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Tansy / Biological Control Project
July 14th, 2012

Weed Warrior Photos ~ Tansy Season is here!
Tansy is toxic and hard to get rid off once established.

tansy 4



This day flying Cinnabar Moth lays its eggs on the tansy. The eggs hatch into the black and yellow striped caterpillars that eat the leaves and flowers of the tansy plant, controlling its seed population. The caterpillars then pupate, form a cocoon, and under go a transformation changing into a moth, and so the cycle continues. These caterpillars are picky eaters, feeding only on the Tansy Ragwort, Senecio jacobaea, and don't eat other plants, not even the Common Tansy, Tanacetum vulgare, a different plant species.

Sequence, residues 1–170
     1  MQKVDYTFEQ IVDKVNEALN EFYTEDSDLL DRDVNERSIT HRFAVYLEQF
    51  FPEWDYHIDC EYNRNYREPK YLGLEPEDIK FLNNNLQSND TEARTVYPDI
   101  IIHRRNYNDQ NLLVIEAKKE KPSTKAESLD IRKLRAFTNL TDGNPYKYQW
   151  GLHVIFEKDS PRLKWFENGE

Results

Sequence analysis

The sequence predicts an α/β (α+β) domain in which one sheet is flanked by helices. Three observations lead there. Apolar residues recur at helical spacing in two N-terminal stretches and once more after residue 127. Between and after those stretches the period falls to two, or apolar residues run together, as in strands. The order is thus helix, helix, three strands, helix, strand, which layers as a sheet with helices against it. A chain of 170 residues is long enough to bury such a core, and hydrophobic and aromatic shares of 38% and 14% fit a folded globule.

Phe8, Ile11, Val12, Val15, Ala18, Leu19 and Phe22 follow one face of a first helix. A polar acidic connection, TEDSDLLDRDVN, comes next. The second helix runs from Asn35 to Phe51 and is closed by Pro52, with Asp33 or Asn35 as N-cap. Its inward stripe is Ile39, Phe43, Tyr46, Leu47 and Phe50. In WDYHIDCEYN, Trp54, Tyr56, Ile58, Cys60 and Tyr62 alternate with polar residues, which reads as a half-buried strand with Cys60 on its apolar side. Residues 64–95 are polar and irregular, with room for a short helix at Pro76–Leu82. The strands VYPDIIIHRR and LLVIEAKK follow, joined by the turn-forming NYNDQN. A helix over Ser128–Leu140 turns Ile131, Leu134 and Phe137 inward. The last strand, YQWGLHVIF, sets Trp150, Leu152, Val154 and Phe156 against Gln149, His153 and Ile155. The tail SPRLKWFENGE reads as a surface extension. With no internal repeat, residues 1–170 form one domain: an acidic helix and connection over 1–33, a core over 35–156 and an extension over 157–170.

Pictures from July 14, 2012 Newcastle, WA

Weed Warriors collected the Cinnabar moth caterpillars and then removed the toxic tansy plants. The caterpillars we relocated to a large pasture needing help of these "cool bugs." Biological controls, like the cinnabar moth caterpillars, are used when herbicide is not desirable, or manual removal of tansy is prohibitive or too costly.





 



When this cool caterpillar isn't around, the Weed Warriors go to battle, removing tansy from our trails, parks, and open spaces.


Watch this uTube video on Tansy's Bio-Control Agent - Cool Bugs!
These Cinnabar Moth Caterpillars were found on the Highlands Trail in Newcastle